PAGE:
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Home / Articles / Columnists / Life 101 /  If You Hide, Then "SPEAK"
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Thursday, February 2,2012

If You Hide, Then "SPEAK"

By Cary Bayer  
Hide and Seek is one of the earliest games we learned as infants. We delighted in trying to find our mother, brother, or sister. So universal is this game, that even cats and dogs love to play it with us. As good as the game of Hide and Seek is to play with those in your life is exactly how bad the game of “Hide and No Speak” is to play with those in your life.

Hide and No Speak is the name I’ve given to the unconscious communication pattern adopted by so many people when they feel ashamed or guilty about something they said, didn’t say, did, or didn’t do, and go into a communication hideout. My thenmassage therapist—and the eight prospective massage therapists whom I called and wrote about in the previous chapter--who didn’t respond to my phone calls promptly--didn’t speak in time, and then hid once they knew they were wrong. I’ll give you another example from my personal life.

My wife and I had a wonderful relationship with a talented gardener who tended our flowers with tender loving care. When Spring had sprung, and she hadn’t come by to nurture our garden in its time of annual rebirth, as she always did in the past, we were quite surprised. So we called her to find out why, and to set up a time for her to do just that. We got her voicemail, so we left a loving message to that effect. We didn’t hear back from her that night, as we normally would have. We didn’t hear back from her the following workday or night, for that matter. And ditto for the day after, the day after that, and the day after that. Somewhere in the middle of that period of silence, we called once again, got voicemail once again, and left a message inquiring if she was okay, because it wasn’t like her to ignore our calls. That one, too, was met with silence.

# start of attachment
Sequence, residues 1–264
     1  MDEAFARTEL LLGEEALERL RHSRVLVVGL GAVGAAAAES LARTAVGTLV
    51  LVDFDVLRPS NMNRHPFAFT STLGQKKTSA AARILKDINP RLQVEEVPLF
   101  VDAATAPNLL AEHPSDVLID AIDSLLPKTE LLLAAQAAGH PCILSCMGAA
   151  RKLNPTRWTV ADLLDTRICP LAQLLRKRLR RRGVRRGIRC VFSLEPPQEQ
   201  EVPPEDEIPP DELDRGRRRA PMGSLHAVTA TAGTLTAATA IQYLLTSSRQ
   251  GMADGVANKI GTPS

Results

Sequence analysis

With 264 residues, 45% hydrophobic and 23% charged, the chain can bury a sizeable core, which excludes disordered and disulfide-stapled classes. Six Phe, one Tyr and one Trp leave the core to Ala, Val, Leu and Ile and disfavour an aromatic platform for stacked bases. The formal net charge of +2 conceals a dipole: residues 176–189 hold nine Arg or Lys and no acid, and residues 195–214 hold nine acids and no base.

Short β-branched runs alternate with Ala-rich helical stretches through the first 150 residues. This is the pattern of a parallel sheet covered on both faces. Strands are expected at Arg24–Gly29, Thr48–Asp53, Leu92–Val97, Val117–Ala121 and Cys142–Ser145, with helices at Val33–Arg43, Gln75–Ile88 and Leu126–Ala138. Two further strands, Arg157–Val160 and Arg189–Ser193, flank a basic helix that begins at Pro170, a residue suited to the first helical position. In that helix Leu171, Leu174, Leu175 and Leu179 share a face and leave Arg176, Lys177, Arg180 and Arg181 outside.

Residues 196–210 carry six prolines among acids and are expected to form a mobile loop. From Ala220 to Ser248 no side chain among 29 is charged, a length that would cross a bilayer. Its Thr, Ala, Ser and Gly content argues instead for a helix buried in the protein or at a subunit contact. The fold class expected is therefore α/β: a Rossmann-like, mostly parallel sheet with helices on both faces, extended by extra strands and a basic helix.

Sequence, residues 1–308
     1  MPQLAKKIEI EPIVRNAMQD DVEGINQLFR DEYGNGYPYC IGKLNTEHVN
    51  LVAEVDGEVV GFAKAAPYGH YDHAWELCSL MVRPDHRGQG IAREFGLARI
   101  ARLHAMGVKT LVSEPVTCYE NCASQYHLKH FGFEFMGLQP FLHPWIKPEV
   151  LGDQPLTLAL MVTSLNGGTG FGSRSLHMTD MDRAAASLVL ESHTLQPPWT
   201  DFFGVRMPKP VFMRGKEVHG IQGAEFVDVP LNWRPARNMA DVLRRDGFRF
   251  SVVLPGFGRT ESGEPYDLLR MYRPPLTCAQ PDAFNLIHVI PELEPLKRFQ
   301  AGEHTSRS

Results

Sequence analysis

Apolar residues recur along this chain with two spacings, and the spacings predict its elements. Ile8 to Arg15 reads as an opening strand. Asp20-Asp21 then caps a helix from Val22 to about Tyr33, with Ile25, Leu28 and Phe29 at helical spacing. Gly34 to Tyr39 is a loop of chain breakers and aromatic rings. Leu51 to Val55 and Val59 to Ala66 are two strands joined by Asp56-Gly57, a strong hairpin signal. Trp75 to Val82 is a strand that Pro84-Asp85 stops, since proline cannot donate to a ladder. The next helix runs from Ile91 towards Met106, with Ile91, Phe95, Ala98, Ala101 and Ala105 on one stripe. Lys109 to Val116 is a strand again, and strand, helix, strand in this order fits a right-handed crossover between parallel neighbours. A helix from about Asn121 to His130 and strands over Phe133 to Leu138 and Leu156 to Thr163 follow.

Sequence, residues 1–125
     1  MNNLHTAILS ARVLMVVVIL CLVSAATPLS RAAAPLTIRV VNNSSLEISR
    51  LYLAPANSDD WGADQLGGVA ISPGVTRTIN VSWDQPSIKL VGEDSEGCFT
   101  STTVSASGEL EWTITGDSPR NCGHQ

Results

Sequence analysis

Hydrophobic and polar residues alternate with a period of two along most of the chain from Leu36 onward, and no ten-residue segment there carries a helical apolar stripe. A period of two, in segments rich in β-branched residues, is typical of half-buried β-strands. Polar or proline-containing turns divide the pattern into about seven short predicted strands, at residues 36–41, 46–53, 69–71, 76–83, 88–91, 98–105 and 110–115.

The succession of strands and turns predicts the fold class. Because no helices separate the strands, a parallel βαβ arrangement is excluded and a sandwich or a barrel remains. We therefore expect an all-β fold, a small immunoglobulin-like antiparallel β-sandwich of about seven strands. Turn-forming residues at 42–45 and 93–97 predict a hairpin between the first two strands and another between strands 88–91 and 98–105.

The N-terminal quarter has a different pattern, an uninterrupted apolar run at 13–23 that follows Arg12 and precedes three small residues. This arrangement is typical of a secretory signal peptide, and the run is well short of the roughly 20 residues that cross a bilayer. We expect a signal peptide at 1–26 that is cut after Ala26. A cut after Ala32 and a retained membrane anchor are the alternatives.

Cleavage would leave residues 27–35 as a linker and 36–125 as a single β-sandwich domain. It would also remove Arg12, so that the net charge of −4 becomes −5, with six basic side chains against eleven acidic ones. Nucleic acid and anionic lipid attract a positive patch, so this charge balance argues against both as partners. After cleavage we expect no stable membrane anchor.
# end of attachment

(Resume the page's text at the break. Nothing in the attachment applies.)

Perplexed, we called our friend who had recommended this gardener in the first place. That’s when we learned that this young woman, who was great at bringing flowers to life, was a few months away from bringing a child to life. Her advancing pregnancy was keeping her from doing the hard physical labor of planting, weeding,

and nurturing that gardening requires. Fair enough. But why didn’t she simply tell us?

That’s where Hide and No Speak enters the discussion. Our gardener was still doing some gardening, but not as much, due to the strain it was taking on her condition. She had to choose which clients she would continue to work for, and which ones she would drop. We have a lovely garden, but it’s relatively small next to some of the massive ones that she was working on. So she chose by size, and ours fell off her routine. But—and here’s the amazing Hide and No Speak part—she never communicated that to us. She simply stopped working for us, and stopped returning our calls. Silence.

Feeling guilty or ashamed—I can’t say with certainty because she still hasn’t communicated with us for nine months and counting (no pun intended), she hid and didn’t speak. Each day that she didn’t return our call, and each time we called and she didn’t return that call either, just added to the guilt and shame.

And so she hid some more and went into silence some more.

The mature way around Hide and No Speak, of course, is to come out of hiding and start speaking. It takes courage to do so. It takes courage to own up to previous hiding and to apologize for it. Most people who are victimized by Hide and No Speak are all too willing to forgive such behavior if given the chance. But most people who engage in Hide and No Speak never own up, and never surface. Instead, they’re forced to write off the relationship, whether it’s a friendship or one of the business variety.

Scan the Rolodex of your relationships—or contacts list of your smart phone—nd see if there are people in your personal or professional life who you are in Hide and No Speak mode with. See if you’d be willing to step up and own your incommunicado behavior. If you do, you’ll be set free of untold guilt and shame, and you’ll feel very relieved. You may even re-gain a friendship or client to boot.


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